The best thing about a twice-baked soufflé is that you never have to worry about getting it to the table in time. It’s supposed to deflate! To me, this is the ultimate elegant summer dish to enjoy with an ice-cold, crisp and juicy chardie.


TIME:  1 hour | SERVES: 4

425 ml milk

1 bay leaf

salt and freshly ground black pepper

60 g (65 ml) butter

55 g (100 ml) cake flour

190 g mussel flesh

4 egg yolks

5 egg whites

250 ml cream


Heat the oven to 180 °C and line 4 large ramekins with butter.

Pour the milk into a saucepan. Add the bay leaf and heat until boiling. Reduce the heat and let the milk simmer for 5 minutes.

Remove the bay leaf and season the milk with salt and pepper.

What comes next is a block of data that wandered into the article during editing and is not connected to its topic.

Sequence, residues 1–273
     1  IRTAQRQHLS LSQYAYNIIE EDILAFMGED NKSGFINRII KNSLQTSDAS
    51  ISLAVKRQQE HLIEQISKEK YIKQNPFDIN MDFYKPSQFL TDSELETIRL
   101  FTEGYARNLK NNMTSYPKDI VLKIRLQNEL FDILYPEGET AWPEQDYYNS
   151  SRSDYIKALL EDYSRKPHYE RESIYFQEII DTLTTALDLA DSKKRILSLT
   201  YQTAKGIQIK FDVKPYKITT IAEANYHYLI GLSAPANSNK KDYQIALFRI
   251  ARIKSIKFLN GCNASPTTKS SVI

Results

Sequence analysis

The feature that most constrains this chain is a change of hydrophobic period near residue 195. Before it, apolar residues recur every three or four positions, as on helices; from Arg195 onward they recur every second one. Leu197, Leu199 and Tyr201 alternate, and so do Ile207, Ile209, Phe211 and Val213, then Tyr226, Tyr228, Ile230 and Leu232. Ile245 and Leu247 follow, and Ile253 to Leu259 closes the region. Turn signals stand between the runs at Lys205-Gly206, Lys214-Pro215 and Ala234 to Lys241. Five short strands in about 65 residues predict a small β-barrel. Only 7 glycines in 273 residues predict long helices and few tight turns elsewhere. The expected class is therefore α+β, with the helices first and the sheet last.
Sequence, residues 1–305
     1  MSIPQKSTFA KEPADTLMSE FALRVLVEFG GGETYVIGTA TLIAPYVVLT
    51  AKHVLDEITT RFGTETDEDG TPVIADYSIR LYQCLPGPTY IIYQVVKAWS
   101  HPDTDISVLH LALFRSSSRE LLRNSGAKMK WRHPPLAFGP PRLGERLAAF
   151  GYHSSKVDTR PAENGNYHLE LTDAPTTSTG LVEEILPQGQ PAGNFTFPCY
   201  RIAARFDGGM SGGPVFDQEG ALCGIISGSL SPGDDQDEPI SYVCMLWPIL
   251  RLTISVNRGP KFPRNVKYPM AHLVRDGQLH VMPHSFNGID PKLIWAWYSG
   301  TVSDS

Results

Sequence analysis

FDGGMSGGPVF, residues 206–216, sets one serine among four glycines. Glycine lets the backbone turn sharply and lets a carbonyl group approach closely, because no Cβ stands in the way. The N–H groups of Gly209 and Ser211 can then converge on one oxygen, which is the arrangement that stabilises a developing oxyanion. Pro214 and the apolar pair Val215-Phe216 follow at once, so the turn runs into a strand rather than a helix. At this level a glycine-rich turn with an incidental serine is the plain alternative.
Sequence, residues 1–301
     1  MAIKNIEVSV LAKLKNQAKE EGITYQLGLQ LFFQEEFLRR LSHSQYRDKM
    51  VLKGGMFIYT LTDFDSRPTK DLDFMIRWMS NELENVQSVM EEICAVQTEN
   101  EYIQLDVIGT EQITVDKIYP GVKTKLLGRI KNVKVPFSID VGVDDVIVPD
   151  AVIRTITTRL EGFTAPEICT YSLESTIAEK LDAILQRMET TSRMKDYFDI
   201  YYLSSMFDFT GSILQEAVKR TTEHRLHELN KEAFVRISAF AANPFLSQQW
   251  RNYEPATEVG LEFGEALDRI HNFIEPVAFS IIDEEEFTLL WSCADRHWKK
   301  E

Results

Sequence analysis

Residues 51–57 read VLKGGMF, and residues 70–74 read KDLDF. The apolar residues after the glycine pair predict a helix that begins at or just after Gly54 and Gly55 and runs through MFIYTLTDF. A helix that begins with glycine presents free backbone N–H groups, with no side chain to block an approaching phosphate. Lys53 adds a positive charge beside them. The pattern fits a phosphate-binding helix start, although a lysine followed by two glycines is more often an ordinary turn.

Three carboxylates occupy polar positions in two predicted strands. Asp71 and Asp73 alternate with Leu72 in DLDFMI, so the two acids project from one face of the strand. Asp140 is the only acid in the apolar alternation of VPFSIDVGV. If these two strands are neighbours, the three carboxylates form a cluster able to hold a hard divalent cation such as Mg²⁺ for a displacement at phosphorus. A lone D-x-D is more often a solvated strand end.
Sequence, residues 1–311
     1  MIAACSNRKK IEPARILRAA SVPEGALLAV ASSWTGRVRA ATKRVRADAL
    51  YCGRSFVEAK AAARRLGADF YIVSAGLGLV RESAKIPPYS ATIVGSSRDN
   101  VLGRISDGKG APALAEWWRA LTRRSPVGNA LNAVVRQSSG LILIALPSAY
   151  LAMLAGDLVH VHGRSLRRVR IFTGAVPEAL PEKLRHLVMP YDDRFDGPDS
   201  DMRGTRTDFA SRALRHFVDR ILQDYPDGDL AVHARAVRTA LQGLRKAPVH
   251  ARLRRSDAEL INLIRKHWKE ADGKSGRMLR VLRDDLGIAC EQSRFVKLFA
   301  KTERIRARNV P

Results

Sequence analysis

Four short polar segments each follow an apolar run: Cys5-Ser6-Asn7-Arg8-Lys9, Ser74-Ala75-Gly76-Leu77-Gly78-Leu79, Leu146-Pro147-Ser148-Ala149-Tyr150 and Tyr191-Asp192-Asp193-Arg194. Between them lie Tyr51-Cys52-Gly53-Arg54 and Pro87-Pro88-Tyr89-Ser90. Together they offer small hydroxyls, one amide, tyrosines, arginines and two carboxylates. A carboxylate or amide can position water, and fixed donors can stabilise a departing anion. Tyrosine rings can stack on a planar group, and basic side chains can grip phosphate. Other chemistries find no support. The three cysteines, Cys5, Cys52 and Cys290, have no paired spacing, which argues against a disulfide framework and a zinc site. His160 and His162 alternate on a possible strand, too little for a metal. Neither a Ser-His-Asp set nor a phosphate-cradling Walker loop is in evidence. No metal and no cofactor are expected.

Melt the butter in a saucepan. Add the flour and stir until it forms a smooth paste. Then, gradually add the milk and stir until well blended. Keep stirring until the sauce thickens. Add the mussel flesh and cook further for 2 minutes.

Remove from the heat and let it stand for 5 minutes.

Add the egg yolks one by one and mix well after every addition.

Beat the egg whites to stiff peaks and gently fold into the mixture before dividing the mixture between the ramekins.

Place the ramekins in an oven dish, fill it halfway with water and bake in the oven for 20 minutes.

Take it out and let it cool. At this stage the soufflés will flatten.

Gently turn them out onto a baking tray and pour half of the cream over the soufflés.

Place back in the oven for 10 minutes. Meanwhile, heat the rest of the cream.

Plate the soufflés and pour warm cream around them. Top with crispy potatoes and garnish with whole mussels.


This dish was inspired by Delaire Graff winemaker Morné Vrey’s Summer mussel pot, which pairs beautifully with this sumptuous and opulently juicy Chardonnay. Its bright, zesty white peach and tropical fruit plays harmoniously on the palate and finishes with a refined minerality.